This document provides information and guidelines to lead a team through the steps of planning the deployment of a solution based on Microsoft SharePoint Server 2010.



Upgrading to Microsoft SharePoint Foundation 2010

Brief Description:

Guide for administrators and IT professionals for upgrading to Microsoft SharePoint Foundation 2010


This document is designed to guide administrators and IT professionals through the process of upgrading to Microsoft SharePoint Foundation 2010 from Windows SharePoint Services 3.0.



SharePoint Server 2010 capacity management: software boundaries and limits

in a Mike Watson session yesterday at the SharePoint Evolution Conference (#spevo at Twitter), Mike mentionned this new document published by Microsoft recently, specifying the software boundaries and limits to take into account when plaaning your SharePoint 2010 infrastructure.

His slides included the following interesting table showing the capacity guidance differences between 2007 and 2010:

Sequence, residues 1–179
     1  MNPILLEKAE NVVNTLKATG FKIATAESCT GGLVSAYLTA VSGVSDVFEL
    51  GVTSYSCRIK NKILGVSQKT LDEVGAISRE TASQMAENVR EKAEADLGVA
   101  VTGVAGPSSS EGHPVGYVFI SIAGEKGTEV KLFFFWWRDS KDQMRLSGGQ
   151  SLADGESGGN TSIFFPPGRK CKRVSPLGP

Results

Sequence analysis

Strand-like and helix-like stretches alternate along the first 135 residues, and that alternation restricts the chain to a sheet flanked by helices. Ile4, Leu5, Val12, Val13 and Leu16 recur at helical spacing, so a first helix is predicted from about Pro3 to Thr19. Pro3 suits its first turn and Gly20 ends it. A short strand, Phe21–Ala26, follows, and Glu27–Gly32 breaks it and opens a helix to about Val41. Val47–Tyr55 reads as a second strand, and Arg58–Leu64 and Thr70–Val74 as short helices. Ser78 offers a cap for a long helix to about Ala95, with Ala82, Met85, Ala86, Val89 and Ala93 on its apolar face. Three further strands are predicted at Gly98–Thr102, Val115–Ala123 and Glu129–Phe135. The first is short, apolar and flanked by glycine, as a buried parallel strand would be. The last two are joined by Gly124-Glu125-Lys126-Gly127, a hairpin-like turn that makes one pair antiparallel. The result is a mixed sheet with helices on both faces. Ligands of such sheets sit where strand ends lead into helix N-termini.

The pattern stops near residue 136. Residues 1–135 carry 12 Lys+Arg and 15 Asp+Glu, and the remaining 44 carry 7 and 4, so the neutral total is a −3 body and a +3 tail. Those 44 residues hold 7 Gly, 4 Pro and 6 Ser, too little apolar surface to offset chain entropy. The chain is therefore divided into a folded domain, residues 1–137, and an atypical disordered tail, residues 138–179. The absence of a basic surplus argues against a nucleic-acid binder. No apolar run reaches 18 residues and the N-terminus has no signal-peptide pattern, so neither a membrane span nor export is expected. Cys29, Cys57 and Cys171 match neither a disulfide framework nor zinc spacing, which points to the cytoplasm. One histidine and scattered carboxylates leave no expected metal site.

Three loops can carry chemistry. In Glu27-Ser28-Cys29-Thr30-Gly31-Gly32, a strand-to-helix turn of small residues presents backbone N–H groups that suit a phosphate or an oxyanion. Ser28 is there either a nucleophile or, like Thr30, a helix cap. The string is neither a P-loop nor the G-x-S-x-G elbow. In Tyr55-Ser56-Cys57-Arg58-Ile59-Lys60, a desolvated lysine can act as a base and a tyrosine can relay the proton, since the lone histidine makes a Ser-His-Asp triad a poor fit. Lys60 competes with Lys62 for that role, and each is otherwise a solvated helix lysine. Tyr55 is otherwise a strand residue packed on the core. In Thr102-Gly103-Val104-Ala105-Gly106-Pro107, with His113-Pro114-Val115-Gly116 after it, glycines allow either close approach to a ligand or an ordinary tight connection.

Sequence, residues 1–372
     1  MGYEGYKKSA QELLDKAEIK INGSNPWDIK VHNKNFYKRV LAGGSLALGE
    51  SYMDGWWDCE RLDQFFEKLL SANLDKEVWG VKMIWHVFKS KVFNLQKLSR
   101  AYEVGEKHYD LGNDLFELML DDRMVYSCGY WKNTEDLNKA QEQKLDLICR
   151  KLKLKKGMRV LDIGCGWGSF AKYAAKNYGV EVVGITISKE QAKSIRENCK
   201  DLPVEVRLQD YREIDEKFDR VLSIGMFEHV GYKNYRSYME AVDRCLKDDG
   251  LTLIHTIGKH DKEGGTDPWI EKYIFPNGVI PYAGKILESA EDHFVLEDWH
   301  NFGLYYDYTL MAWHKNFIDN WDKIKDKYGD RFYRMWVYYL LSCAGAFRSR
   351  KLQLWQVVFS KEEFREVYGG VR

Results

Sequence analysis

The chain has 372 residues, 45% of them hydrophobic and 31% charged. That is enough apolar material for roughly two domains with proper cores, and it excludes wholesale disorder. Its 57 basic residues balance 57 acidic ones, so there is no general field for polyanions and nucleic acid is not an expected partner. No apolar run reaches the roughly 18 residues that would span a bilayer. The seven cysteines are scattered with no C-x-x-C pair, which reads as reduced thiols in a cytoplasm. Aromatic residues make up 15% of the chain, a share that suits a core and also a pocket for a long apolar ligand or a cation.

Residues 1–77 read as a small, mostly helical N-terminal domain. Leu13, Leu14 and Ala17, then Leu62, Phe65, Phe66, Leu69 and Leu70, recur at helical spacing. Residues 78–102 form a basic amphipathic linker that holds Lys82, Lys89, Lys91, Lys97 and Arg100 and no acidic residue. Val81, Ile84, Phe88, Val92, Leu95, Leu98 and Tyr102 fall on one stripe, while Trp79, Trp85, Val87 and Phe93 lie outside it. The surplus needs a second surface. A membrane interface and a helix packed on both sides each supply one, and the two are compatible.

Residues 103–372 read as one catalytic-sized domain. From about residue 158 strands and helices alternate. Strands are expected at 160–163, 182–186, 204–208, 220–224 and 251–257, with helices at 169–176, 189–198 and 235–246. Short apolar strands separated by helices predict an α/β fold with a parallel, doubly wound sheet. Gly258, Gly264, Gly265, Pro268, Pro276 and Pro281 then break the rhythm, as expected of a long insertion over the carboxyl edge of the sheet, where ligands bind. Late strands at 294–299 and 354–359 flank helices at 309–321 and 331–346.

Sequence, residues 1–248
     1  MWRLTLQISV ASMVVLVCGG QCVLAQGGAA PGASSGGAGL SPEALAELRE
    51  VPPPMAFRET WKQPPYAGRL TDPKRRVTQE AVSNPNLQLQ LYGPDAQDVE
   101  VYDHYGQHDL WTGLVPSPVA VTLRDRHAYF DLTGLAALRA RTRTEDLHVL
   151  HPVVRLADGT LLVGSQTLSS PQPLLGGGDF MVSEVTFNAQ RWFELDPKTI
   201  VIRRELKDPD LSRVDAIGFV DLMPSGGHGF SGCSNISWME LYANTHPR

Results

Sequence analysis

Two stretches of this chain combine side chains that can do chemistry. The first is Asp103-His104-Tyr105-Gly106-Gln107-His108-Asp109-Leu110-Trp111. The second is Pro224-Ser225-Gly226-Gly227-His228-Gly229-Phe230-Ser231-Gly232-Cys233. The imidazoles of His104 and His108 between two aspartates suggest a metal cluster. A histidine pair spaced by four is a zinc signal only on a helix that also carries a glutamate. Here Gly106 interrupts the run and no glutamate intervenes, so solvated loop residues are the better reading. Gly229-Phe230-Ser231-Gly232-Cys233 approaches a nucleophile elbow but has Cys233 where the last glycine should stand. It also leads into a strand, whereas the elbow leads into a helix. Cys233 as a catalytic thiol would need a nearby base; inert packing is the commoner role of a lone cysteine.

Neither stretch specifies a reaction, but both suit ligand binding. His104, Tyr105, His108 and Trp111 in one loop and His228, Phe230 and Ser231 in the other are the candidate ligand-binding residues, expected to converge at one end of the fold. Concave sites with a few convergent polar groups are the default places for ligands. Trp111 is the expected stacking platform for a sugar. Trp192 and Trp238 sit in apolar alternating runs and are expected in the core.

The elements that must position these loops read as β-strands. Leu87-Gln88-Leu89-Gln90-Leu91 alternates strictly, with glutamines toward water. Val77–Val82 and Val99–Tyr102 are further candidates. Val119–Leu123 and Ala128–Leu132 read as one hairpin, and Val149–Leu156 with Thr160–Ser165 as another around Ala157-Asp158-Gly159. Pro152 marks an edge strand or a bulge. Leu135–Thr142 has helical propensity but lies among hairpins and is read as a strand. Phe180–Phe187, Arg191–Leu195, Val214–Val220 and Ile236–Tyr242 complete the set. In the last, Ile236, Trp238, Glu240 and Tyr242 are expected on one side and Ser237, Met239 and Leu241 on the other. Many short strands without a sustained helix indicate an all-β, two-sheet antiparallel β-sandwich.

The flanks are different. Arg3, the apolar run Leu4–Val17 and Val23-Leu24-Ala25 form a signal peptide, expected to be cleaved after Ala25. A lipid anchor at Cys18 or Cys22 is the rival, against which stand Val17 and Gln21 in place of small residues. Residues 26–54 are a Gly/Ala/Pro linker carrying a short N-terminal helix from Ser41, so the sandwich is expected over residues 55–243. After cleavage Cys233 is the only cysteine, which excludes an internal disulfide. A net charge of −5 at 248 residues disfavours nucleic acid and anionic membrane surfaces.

Higher capacity guidance



Content DB Size

100 GB

200 GB

File Size

2 GB

2 GB

DB’s per webapp



Site collection size

100 GB

100 GB

List items per view



Get the full document at

An interesting figure I was wondereing about was the maximum number of web applications per WFE for which the guidance document now specifies a maximum of 10 Application Pools per WFE. For 2007, I have always been told to not exceed 8 web applications / application pools, which makes the new guidance for 2010 not much better. If you are hosting a lot of web applications on a single farm, then planning the application pools will be a major step in the planning process.


lessons learned in my last sps to moss migration project using gradual approach